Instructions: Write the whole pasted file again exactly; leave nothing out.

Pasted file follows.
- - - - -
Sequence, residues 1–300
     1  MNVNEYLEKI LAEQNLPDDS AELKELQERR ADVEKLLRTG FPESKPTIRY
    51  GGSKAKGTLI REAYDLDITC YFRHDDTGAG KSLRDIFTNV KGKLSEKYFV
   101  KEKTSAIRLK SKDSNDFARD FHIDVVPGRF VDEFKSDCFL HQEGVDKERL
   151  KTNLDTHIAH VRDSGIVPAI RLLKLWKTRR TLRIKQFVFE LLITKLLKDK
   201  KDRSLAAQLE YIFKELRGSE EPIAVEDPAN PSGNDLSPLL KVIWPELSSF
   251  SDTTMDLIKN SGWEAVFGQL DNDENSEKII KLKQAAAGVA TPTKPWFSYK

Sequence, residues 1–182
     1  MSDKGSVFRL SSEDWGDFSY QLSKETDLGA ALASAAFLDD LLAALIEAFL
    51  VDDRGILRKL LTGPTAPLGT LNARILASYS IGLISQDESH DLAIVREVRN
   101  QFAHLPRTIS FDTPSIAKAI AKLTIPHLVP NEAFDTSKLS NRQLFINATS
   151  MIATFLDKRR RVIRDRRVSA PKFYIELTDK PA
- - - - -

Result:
Sequence, residues 1–300
     1  MNVNEYLEKI LAEQNLPDDS AELKELQERR ADVEKLLRTG FPESKPTIRY
    51  GGSKAKGTLI REAYDLDITC YFRHDDTGAG KSLRDIFTNV KGKLSEKYFV
   101  KEKTSAIRLK SKDSNDFARD FHIDVVPGRF VDEFKSDCFL HQEGVDKERL
   151  KTNLDTHIAH VRDSGIVPAI RLLKLWKTRR TLRIKQFVFE LLITKLLKDK
   201  KDRSLAAQLE YIFKELRGSE EPIAVEDPAN PSGNDLSPLL KVIWPELSSF
   251  SDTTMDLIKN SGWEAVFGQL DNDENSEKII KLKQAAAGVA TPTKPWFSYK

Sequence, residues 1–182
     1  MSDKGSVFRL SSEDWGDFSY QLSKETDLGA ALASAAFLDD LLAALIEAFL
    51  VDDRGILRKL LTGPTAPLGT LNARILASYS IGLISQDESH DLAIVREVRN
   101  QFAHLPRTIS FDTPSIAKAI AKLTIPHLVP NEAFDTSKLS NRQLFINATS
   151  MIATFLDKRR RVIRDRRVSA PKFYIELTDK PA